India’s Reliance Industries shares leap

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Reliance Industries1

Reuters.

A man walks past a Reliance Industries Limited sign board installed on a road divider in the western Indian city of Gandhinagar January 17, 2014.

Mumbai - Shares in India's Reliance Industries jumped by more than five percent Monday after it demanded the government double gas prices - a move that could significantly boost the energy giant's profits.

Reliance, along with partners BP and Niko Resources, sent an arbitration notice to the government late last week, asking it to hike prices to $8.40 per million British thermal units (Btu) from the $4.20 currently paid by gas companies.

Reliance's shares surged to 1,048 rupees before trimming gains to trade at 1,027.00 rupees in the afternoon.

Analysts said investors were buying Reliance's shares more on “hope” than anything tangible.

Reliance, British energy giant BP and Canada's Niko jointly own D6, India's only operational deep-water field, off the coast of eastern Andhra Pradesh state.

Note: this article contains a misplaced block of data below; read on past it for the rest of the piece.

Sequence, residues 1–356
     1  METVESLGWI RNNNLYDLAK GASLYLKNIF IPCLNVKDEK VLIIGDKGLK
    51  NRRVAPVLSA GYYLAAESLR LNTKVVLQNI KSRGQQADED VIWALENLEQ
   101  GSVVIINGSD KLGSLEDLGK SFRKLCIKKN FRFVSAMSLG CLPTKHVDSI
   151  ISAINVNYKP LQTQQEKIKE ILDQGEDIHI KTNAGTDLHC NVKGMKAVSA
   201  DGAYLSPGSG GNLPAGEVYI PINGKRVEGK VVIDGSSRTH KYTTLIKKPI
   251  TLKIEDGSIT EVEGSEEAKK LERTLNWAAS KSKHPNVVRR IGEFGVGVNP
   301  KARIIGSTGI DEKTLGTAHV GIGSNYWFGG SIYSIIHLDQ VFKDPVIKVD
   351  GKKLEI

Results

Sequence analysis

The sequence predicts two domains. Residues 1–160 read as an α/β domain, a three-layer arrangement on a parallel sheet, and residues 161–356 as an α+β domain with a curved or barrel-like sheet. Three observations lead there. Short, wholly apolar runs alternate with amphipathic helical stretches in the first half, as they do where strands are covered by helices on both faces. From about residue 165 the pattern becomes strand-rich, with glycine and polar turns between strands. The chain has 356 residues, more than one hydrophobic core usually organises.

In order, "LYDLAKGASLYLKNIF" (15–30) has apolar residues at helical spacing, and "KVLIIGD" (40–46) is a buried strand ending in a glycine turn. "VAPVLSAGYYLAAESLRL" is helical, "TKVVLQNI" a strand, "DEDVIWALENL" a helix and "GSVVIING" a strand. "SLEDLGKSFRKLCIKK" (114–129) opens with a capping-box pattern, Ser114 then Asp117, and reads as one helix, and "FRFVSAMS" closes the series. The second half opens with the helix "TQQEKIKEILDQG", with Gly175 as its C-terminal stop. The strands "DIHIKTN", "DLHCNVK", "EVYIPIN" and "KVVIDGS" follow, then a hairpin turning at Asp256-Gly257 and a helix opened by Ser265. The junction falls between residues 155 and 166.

“This is most likely hope buying,” said Vikram Dhawan, head of Mumbai-based brokerage firm Equentis Capital.

“Even though the final settlement of pricing may take a longer time, from the shareholders' perspective, arbitration is a step in the right direction.”

Last year, India's government approved the linking local gas prices to global benchmarks as of April 1.

The move would effectively double gas prices in the fuel-hungry country where energy demand outstrips supply.

But the Election Commission in March asked the Congress-led government - expected to lose office in elections currently under way - to postpone the increase until after poll results are announced this Friday.

BP holds 30 percent of D6 while Niko has a 10-percent stake in the gas block.

Analysts say higher prices are necessary due to the large costs of gas extraction.

The block's output has tumbled, which Reliance blames on difficulties of extracting gas.

The government insists the firms have not made sufficient effort to extract the gas.

Analysts say Reliance and its partners may have resorted to arbitration because the expected change in government may add to delays and consequent revenue losses.

Reliance said last week that the government's delay in implementing the price rise left the company and its partners “with no other option” but to pursue arbitration. - Sapa-AFP


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